“I hear over and over that our state agencies are not run well,” Gianforte said. “We need new leadership … to bring a culture of customer service back to state government to get it working for people again.”
Fox said he wants to fight Montana’s meth problem, and in order to do so, America must have a secure southern border. But, he said, in reference to Gianforte leaving his House seat after two years, “We can’t abandon our Congressional seats if we’re going to get the secured border.”
On the Democratic side, Williams is a sixth-generation Montana who once served as Hillary Clinton’s trip director. Cooney is a fixture in Montana politics, having served in the Legislature, as secretary of state and deputy commissioner of the Montana Department of Labor and Industry.
In a May 2 debate, Cooney said he knows how to accomplish goals in state government.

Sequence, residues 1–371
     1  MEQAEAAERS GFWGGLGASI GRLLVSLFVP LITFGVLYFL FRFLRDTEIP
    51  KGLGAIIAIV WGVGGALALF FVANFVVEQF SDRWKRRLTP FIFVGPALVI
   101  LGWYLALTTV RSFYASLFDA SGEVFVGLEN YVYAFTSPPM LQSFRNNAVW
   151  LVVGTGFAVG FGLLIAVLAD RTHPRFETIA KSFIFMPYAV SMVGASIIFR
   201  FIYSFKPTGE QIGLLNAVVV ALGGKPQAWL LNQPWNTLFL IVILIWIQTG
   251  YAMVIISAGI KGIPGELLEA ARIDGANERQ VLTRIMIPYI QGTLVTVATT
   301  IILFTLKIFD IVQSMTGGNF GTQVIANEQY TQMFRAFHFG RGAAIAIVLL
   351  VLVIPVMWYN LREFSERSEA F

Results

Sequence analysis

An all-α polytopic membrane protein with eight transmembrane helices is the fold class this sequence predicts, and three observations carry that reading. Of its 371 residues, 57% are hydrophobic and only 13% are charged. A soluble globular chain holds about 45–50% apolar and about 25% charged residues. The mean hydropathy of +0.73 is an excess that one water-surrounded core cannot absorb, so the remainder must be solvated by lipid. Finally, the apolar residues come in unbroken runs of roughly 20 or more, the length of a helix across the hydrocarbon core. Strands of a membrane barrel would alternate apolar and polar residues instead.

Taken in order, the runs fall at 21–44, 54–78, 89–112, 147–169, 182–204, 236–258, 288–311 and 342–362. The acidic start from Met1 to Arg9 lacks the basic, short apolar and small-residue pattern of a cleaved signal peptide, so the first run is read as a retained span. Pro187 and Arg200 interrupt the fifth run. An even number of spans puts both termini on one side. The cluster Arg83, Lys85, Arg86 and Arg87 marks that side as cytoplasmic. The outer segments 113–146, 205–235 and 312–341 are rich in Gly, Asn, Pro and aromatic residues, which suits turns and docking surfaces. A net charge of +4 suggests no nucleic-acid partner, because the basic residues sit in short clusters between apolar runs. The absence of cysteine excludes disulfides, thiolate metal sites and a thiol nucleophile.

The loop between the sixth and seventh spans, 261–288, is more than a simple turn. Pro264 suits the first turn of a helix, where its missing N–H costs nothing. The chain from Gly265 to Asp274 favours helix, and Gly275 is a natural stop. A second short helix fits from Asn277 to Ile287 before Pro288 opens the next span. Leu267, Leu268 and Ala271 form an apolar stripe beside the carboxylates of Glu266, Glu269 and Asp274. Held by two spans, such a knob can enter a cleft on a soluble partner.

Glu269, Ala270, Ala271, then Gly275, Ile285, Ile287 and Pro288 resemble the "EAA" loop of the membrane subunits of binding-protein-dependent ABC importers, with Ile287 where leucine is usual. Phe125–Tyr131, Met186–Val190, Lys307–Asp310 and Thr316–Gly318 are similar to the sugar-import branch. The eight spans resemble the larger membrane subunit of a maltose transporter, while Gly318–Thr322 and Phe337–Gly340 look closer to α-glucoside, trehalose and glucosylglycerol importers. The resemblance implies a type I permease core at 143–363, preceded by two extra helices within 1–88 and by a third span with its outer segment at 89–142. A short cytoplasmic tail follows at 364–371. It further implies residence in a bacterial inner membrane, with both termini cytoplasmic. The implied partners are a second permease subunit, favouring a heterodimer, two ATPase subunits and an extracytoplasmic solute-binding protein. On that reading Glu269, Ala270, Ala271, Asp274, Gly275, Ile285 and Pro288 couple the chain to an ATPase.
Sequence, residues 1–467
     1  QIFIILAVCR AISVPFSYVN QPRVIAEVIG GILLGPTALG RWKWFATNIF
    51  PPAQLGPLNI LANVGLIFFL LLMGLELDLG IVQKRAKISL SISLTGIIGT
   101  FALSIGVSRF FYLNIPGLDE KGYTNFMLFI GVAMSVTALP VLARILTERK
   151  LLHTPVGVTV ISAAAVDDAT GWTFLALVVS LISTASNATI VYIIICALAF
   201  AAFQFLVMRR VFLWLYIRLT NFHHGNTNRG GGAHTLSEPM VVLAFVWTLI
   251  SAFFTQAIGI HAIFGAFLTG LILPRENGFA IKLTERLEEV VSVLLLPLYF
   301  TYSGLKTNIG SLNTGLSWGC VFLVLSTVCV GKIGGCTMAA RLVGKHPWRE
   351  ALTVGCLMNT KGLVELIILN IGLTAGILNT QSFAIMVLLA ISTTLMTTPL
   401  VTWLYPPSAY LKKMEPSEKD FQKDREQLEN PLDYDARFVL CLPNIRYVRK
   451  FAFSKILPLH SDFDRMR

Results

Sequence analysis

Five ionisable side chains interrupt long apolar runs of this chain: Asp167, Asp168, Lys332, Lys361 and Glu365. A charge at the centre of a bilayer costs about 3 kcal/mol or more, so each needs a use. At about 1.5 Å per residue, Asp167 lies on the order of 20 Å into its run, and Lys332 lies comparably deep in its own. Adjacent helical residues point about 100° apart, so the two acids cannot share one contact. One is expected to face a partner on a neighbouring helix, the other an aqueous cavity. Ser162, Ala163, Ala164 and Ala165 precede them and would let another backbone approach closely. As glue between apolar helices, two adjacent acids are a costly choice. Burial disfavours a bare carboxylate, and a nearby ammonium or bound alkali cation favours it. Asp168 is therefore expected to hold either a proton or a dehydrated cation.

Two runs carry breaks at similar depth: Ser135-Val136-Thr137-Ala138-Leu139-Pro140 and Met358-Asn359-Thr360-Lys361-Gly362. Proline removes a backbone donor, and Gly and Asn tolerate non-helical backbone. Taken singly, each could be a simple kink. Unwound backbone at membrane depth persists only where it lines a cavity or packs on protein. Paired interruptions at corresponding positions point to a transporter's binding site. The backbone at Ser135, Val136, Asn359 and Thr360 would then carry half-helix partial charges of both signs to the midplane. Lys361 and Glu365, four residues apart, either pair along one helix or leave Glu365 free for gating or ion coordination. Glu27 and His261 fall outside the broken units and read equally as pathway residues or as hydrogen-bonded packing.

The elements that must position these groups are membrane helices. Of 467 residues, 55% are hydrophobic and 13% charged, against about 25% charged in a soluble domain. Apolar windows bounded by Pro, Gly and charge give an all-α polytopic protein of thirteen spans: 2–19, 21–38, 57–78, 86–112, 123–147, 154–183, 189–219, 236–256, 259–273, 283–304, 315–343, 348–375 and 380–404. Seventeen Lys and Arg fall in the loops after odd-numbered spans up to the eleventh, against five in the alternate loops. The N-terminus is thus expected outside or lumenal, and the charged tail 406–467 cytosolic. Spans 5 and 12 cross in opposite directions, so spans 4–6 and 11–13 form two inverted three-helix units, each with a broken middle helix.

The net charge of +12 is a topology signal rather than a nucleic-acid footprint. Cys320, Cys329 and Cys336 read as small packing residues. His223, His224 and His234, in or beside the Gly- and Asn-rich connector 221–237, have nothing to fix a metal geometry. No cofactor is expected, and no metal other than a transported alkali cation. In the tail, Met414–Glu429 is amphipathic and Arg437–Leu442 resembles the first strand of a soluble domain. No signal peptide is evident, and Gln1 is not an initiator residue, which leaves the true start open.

“Crossing party lines, bringing people together is how you get things done,” he said.
Montana does not have a sales tax, and Montanans contribute to the government through property taxes. Williams said Montanans are overburdened with property taxes, and the state should look at Hawaii, which gives generous tax breaks to residents. She also advocates legalizing marijuana, which could provide up to $100 million per biennium.
“I think it’s time to get on with that, which would give relief for property taxes,” she said.
In the U.S. Senate race, Montana Governor Steve Bullock, a Democrat who is termed-out, is challenging Republican U.S. Senator Steve Daines in what could be a pivotal November election.
Democrats need four seats to flip the Senate into their control, and it appears Bullock has a fair chance of defeating Daines, according to early polls.
Soon after he abandoned his bid for president and announced his candidacy for the Senate, Bullock was shown in a tie with Daines, according to a Public Policy Polling survey.
Just two weeks after announcing his run for the Senate, the poll from Public Policy Polling showed that Bullock and Daines were tied at 47-47 with six percent of voters undecided.
Now Bullock has extended that lead by up to six points, according to a recent poll by Montana State University, although that is a “statistical tie,” as Bullock’s lead is within the margin of error.
Bullock has been a fund-raising machine.